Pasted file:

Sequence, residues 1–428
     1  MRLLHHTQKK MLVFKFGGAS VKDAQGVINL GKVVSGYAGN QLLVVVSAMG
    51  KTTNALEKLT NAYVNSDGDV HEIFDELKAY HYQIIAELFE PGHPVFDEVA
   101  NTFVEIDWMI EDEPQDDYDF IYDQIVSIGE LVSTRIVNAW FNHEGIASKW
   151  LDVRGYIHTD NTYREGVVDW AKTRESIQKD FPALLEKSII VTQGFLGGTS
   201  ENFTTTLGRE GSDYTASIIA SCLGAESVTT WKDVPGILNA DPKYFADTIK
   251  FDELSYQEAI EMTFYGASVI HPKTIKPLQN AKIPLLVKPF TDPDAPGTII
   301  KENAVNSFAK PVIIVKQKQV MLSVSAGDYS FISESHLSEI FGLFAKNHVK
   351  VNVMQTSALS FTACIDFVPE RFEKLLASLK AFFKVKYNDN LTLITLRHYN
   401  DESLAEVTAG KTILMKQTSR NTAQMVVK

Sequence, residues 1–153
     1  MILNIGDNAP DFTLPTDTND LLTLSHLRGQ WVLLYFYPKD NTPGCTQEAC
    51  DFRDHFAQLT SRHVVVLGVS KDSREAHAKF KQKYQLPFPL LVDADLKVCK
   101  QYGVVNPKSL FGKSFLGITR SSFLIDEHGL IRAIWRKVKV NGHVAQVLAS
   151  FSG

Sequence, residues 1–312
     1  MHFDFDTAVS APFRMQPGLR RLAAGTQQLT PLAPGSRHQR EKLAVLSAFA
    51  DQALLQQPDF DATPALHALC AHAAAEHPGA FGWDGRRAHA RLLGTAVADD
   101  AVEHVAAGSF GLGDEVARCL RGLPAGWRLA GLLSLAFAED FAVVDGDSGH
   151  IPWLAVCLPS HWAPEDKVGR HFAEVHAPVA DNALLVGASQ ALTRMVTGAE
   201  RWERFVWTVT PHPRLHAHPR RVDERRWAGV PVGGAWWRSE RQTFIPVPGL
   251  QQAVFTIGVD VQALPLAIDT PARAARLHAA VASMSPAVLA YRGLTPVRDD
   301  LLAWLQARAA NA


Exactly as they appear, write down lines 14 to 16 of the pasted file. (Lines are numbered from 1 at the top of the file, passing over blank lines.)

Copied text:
   101  QYGVVNPKSL FGKSFLGITR SSFLIDEHGL IRAIWRKVKV NGHVAQVLAS
   151  FSG

Sequence, residues 1–312